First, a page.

Tamiya has several large regional divisions, notably in Irvine, California, home of "Tamiya America," the North, Central and South American branch responsible for many of the company's racing developments. Tamiya America also features a world-class racing facility in Aliso Viejo, California which is the site of several world championship events, as well as an annual scale model contest called Tamiya/Con, the last of which was held in 2006. An assembly plant is located in Mactan Export Processing Zone, Cebu, Philippines, and Germany is the home of "Tamiya Europe's" operations.


Between 1984 and 1989, Tamiya had its own mascot called Plastic Model Moko-chan, who has a rabbit sidekick called Rabbi-kun (プラモ Puramo) and sometimes they were titled Moko-chan no (and) Rabbi-kun [ja] (プラモのモ子ちゃん Puramo no Moko-chan). Drawn by manga artist Fujita Yukihisa, they usually appeared in various Japanese language pamphlets and in comics with Japan-released Tamiya models. They would teach kids about the various models they were building and there was even a series on how to build them, all in a comic format as well as its only bilingual series of leaflets titled RC Lecture By Moko Chan (モ子ちゃんRC講座), teaching children RC car care and maintenance. Despite being out of use by Tamiya, the characters still have a large following with devotees. In the instructions of some plastic 1/35 scale tanks, a tank crewman usually gives tips.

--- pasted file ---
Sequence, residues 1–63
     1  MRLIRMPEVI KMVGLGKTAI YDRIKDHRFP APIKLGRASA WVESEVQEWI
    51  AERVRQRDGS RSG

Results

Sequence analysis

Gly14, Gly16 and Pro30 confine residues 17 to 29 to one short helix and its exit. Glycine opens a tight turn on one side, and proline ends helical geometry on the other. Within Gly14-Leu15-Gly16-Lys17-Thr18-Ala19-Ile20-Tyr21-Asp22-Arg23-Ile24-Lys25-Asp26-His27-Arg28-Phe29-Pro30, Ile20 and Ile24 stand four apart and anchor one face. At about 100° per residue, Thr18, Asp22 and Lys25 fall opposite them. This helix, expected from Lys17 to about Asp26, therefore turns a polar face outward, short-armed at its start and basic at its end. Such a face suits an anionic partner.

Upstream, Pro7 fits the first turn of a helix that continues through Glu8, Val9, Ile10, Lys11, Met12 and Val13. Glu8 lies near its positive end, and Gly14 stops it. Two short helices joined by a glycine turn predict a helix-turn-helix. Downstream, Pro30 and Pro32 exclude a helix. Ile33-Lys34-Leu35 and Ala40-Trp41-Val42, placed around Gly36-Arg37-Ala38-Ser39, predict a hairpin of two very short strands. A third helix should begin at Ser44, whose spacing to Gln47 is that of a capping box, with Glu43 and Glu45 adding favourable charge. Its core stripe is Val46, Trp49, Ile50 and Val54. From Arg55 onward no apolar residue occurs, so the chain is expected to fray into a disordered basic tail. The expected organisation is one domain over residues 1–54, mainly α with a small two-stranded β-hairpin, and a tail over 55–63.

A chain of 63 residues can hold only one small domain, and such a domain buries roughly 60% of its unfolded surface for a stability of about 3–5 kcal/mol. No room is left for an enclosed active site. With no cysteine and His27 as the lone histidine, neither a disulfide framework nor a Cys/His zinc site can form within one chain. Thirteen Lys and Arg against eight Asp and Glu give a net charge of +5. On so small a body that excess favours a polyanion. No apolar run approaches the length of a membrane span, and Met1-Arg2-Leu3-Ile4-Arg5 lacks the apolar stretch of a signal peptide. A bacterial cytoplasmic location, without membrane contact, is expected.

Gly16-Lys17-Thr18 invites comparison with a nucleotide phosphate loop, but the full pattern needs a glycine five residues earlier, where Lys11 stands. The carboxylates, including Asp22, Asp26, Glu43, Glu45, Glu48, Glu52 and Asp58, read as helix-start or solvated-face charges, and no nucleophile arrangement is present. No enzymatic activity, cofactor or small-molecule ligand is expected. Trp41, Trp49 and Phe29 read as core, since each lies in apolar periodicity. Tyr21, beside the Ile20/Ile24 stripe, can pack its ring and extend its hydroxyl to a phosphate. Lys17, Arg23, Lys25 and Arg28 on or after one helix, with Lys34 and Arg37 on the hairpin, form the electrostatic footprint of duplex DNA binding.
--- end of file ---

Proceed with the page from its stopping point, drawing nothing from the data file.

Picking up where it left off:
Guinness World Records[edit]

Tamiya radio controlled models previously held two Guinness World Records, both for distances travelled.

  • Greatest distance by a radio-controlled model car on one set of batteries
    • 38.28 km (23.79 miles) by David Stevens of Australia, Templestowe Flat Track Racing Club, Templestowe, Victoria, Australia on 20 April 2013. Car used: Tamiya F104 v2 with LRP 2S Lipo motor.[8]